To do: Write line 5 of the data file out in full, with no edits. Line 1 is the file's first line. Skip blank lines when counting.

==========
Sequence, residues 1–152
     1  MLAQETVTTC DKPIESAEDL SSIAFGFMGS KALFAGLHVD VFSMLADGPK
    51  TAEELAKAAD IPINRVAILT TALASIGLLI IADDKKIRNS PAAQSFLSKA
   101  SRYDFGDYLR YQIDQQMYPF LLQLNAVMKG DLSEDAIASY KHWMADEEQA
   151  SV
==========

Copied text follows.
   151  SV